1. /trəˈdiSHən/


      The transmission of customs or beliefs from generation to generation, or the fact of being passed on in this way.

      A long-established custom or belief that has been passed on in this way.

      I tend to call traditions baggage, and lately with our minimalist lifestyle we have been getting rid of a lot of baggage. So where does it leave our traditions? How do we decided which traditions to keep and which ones no longer serve a purpose. Which ones are true and which ones are built on consumerism. I think living minimally, or getting old, has forced us to look at what we really want our kids to take away from a tradition or celebration.

      Why do you celebrate? What traditions are necessary baggage for your family?

      This year we celebrated our family as it is and will be. We went to the beach where John grew up - gigging flounder, and casting nets. We ate sauerkraut made from my great grandmas crock and hand packed by the kids. We gave thanks for all those we love, have loved, and will love. We gave thanks for all those we don't know but sacrifice for us. We were silent and thoughtful.

      Here is to less baggage, and pray, it won't be easy going into this winter solstice season.


50 years

I can remember getting married and thinking happily that I would be with John for the rest of my life; however, at the time, through the haze of youth and love, I couldn't picture us getting old and 25 years of marriage seemed far, far, away. I only hoped for a large family and lots of love.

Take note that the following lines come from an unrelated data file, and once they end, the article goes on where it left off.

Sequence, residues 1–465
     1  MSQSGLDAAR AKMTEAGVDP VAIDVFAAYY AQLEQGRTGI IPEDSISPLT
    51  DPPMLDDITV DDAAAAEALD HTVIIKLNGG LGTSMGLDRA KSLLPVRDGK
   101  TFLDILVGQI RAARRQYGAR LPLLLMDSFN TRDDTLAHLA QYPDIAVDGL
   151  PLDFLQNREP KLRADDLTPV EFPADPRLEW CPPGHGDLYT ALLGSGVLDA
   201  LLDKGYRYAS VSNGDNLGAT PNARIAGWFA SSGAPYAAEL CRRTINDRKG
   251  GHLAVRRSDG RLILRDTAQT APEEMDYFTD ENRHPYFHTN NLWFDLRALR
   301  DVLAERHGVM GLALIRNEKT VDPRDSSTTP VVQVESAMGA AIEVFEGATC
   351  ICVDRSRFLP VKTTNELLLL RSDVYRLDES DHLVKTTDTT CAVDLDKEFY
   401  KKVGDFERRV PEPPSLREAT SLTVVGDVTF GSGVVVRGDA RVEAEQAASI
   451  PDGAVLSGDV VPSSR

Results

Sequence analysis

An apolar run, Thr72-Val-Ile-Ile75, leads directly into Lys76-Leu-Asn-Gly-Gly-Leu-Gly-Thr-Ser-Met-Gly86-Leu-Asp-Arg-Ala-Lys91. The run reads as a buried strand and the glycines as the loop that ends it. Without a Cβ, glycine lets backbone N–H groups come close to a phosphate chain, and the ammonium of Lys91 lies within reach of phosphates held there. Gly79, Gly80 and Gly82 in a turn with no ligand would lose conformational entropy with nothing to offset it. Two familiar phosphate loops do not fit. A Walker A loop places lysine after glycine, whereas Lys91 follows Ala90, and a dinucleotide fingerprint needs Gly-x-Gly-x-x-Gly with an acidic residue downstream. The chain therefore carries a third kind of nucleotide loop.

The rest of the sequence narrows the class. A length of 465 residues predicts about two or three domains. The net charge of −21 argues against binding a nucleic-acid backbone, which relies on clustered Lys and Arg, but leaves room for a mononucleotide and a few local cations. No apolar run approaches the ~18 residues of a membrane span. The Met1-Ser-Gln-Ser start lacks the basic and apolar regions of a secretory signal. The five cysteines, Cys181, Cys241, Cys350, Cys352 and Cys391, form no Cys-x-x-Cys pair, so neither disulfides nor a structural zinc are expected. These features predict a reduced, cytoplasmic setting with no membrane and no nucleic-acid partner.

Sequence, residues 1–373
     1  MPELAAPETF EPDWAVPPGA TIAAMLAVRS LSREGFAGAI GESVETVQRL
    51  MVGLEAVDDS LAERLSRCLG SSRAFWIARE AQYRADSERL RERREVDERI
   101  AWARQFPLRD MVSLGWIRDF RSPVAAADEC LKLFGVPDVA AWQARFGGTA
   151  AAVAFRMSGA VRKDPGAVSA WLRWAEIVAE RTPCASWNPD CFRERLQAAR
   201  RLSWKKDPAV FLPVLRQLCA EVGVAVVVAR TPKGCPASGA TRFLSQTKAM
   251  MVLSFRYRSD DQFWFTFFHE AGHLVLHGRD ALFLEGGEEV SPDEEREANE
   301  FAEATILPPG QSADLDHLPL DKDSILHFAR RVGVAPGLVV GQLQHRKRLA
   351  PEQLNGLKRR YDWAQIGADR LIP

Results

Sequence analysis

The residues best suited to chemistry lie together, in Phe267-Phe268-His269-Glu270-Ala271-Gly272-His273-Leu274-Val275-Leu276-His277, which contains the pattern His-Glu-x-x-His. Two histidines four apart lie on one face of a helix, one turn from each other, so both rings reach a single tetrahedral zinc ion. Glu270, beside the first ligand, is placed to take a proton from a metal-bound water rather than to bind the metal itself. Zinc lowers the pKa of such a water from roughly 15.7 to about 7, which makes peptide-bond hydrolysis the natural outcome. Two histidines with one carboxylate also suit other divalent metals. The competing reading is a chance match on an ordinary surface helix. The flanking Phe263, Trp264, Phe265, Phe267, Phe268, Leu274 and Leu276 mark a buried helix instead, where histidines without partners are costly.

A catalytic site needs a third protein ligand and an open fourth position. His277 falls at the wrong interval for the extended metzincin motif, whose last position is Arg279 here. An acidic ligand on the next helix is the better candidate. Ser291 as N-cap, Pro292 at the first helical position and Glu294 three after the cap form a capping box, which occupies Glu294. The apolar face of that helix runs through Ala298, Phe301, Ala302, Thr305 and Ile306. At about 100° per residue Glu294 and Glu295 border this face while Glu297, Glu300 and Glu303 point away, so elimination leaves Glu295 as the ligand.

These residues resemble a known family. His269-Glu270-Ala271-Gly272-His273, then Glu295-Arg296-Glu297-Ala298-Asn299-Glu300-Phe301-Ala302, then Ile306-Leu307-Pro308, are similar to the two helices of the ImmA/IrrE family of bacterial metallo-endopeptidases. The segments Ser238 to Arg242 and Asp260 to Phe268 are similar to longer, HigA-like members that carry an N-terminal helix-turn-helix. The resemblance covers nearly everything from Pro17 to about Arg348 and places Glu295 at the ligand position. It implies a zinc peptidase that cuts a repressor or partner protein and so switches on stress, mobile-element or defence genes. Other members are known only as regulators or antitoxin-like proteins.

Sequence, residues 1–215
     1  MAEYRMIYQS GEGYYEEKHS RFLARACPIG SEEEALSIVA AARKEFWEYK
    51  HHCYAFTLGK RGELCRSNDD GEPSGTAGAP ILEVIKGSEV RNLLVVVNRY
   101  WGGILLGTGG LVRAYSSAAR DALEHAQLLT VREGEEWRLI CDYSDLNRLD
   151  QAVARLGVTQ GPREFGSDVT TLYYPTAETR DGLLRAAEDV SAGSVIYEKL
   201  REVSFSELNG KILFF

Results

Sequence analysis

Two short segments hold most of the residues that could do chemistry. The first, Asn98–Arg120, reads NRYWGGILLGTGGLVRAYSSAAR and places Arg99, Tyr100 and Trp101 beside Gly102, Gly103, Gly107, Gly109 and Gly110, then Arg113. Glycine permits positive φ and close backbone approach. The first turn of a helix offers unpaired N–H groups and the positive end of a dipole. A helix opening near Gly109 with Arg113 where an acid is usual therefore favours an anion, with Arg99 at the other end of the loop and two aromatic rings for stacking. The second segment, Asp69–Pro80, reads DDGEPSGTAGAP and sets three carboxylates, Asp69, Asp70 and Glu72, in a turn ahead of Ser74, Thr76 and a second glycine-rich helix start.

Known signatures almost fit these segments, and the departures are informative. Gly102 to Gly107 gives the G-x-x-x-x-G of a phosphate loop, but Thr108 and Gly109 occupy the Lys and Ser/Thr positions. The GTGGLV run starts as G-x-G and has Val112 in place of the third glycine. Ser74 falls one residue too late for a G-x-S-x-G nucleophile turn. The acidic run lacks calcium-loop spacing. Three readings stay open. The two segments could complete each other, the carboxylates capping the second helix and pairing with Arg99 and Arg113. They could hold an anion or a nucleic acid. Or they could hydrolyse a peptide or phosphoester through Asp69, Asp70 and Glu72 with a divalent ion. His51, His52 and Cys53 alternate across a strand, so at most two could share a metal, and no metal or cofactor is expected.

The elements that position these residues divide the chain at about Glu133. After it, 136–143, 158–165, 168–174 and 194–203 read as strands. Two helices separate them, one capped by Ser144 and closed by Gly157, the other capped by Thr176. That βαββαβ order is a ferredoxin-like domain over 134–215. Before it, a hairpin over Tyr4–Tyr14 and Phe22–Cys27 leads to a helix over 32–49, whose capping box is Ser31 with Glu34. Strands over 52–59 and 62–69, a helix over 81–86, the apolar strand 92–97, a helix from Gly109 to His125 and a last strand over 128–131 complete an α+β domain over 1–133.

On the 14th of November 2012, my amazing in-laws celebrated 50 years of marriage, and it was a wonderful celebration. The entire family showed up to ring in with well wishes.

But for John and I, in those early years, there were days, and weeks, and even months, when I cursed the day we got married, which further clouded the image of 50 years. The reality of that blissful wedding day was something not so happy. The first 5 years of our marriage was hell. Nobody tells you how bad things can be when the honeymoon is over. It was always one thing after another, usually money, children, or shattered dreams. Although, if someone would have told me how bad it would be I probably wouldn't have believed them.

But somehow we muddled through, one day at a time, and now 20 years later, life is full of family and love. I wish there had been another road we had taken to get here. Yes, I can hear you saying, "But then you wouldn't be what you are now".

I am blessed beyond belief! 9 amazing children, 2 adorable grandsons, and 1 wonderful son-in-law; what more could I have asked for.

On this day, I realized that not only can I see our marriage at 25 years, but I can realistically see us at 50, and it looks much like the first picture.

So here is to the next 30 years; although, I hope they are easier than the first 20 :)